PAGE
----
20 June 2019
A team of University of Copenhagen researchers has compiled the first and only evidence that narwhals and beluga whales can breed successfully. DNA and stable isotope analysis of an anomalous skull from the Natural History Museum of Denmark has allowed researchers to confirm the existence of a narwhal-beluga hybrid.
For nearly thirty years, a strange-looking whale skull has gathered dust in the collections of the Natural History Museum of Denmark. Now, a team of researchers has determined the reason for the skull’s unique characteristics: it belongs to a narwhal-beluga hybrid.
A Greenlandic hunter shot the whale in the 1980’s and was puzzled by its odd appearance. He therefore kept the skull and placed it on the roof of his toolshed. Several years later, Professor Mads Peter Heide-Jørgensen of the Greenland Institute of Natural Resources visited the settlement and also immediately recognized the skull’s strange characteristics. He interviewed the hunter about the anomalous whale he had shot, and sent the skull to Copenhagen. Since then, it has been stored at the Zoological Museum, a part of the Natural History Museum of Denmark.
“As far as we know, this is the first and only evidence in the world that these two Arctic whale species can interbreed. Based on the intermediate shape of the skull and teeth, it was suggested that the specimen might be a narwhal-beluga hybrid, but this could not be confirmed. Now we provide the data that confirm that yes – it is indeed a hybrid,” says Eline Lorenzen, evolutionary biologist and curator at the University of Copenhagen’s Natural History Museum of Denmark. Lorenzen led the study, which was published today in Scientific Reports.
Using DNA and stable isotope analysis, the scientists determined that the skull belonged to a male, first-generation hybrid between a female narwhal and male beluga.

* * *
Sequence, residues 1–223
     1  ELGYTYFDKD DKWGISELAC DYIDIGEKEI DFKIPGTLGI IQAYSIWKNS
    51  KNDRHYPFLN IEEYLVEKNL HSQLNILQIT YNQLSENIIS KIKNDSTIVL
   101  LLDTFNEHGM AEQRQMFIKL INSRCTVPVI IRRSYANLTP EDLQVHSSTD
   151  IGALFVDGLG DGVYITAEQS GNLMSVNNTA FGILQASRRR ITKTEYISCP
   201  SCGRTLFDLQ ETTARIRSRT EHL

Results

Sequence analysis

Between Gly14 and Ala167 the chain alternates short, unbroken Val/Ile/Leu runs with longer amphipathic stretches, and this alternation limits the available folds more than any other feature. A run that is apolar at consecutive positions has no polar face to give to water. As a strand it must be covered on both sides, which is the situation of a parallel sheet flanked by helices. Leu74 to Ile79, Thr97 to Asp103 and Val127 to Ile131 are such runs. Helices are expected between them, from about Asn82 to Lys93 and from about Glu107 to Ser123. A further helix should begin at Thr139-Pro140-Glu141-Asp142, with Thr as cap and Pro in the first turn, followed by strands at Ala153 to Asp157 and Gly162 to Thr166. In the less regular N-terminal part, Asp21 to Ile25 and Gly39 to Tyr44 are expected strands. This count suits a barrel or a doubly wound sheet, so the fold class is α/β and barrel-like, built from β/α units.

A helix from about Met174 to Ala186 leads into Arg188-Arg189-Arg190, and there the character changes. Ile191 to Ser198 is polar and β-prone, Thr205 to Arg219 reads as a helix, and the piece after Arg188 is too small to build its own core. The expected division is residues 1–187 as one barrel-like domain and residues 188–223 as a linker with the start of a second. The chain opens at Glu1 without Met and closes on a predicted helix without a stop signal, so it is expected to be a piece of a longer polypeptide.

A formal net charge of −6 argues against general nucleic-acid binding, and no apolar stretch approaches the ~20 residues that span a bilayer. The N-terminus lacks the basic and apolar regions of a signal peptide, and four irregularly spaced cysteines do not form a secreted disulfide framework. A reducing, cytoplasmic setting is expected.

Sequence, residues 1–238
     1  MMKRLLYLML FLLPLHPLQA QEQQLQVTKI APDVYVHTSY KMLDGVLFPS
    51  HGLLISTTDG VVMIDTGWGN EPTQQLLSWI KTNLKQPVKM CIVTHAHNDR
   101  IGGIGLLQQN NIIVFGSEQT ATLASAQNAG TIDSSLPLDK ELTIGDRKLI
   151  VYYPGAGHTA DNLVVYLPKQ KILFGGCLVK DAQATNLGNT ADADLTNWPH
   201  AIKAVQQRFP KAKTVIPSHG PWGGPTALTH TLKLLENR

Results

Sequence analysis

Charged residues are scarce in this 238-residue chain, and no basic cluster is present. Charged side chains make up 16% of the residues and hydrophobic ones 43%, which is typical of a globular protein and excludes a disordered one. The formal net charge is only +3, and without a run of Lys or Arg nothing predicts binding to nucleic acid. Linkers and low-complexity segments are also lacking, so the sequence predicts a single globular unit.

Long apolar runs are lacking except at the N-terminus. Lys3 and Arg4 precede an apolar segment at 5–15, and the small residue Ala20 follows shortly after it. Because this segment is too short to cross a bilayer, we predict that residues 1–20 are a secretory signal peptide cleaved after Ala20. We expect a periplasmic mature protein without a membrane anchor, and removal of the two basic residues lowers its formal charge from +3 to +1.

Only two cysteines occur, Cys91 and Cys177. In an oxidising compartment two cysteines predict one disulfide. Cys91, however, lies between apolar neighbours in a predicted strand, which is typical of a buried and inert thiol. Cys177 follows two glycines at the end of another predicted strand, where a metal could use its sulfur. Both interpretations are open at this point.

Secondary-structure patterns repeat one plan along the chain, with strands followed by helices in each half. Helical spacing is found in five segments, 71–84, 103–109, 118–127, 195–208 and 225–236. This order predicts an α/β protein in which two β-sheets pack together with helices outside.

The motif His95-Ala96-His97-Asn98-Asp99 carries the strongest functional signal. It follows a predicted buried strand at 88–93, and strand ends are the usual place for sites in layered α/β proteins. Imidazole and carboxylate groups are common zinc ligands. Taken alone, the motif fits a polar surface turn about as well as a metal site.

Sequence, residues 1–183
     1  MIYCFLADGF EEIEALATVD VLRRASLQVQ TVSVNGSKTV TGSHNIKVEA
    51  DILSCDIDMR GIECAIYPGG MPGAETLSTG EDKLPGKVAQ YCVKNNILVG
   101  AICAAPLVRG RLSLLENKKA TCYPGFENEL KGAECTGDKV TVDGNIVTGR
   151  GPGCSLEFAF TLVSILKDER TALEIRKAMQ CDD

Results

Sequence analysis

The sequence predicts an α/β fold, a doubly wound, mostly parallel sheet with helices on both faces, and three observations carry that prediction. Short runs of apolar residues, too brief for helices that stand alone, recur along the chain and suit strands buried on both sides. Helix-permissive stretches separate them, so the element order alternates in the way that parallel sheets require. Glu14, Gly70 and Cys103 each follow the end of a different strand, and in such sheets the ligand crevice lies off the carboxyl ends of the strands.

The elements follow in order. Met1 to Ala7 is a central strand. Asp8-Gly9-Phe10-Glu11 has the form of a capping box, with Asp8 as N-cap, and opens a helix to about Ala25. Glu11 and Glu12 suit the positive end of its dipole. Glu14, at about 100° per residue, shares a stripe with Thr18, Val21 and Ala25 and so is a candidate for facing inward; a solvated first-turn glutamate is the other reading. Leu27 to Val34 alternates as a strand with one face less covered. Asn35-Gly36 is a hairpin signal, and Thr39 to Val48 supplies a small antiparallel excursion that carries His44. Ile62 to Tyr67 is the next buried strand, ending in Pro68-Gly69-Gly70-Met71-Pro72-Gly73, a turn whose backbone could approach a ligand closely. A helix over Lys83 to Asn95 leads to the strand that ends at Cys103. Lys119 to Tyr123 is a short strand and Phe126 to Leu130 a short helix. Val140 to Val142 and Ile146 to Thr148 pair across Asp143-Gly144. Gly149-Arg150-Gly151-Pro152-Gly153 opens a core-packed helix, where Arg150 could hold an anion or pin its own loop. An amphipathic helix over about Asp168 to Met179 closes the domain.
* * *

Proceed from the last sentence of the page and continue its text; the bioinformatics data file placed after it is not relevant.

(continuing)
Bizarre set of chops
The hybrid’s skull was considerably larger than that of a typical narwhal or beluga. But the teeth were markedly different. Whereas narwhals have only one or rarely two long spiraling tusks, belugas have a set of uniform conical teeth that are aligned in straight rows. The hybrid skull has a set of long, spiraling and pointed teeth, that are angled horizontally.
“This whale has a bizarre set of teeth. The isotope analysis allowed us to determine that the animal’s diet was entirely different than that of a narwhal or beluga – and it is possible that its teeth influenced its foraging strategy. Whereas the other two species fed in the water column, the hybrid was a bottom dweller,” according to Mikkel Skovrind, a PhD student at the Natural History Museum and first author of the paper.
The researchers do not know what prompted the two species to mate, but it suggests a new phenomenon:
“We have analyzed the nuclear genomes of a narwhal and a beluga, but see no evidence of interbreeding for at least the past 1.25 million years of their evolutionary histories. So, interbreeding between the species appears to be either a very rare or a new occurrence. To my knowledge, it has not been observed or recorded before,” says Eline Lorenzen.
Gems among the museum collections
Lorenzen points out that she and her colleagues used novel analytical methods that have only recently been developed.
“There are some true gems in the world’s natural history collections that can provide us with key insights into the evolution and diversity of life on Earth. It is incredible when material – such as this skull, which has been stored in our collection for decades – can be revisited with new methodologies to gain novel biological insights” says Eline Lorenzen.
Mikkel Skovrind adds: “It would be interesting to find out if similar hybrid whales have been spotted elsewhere.”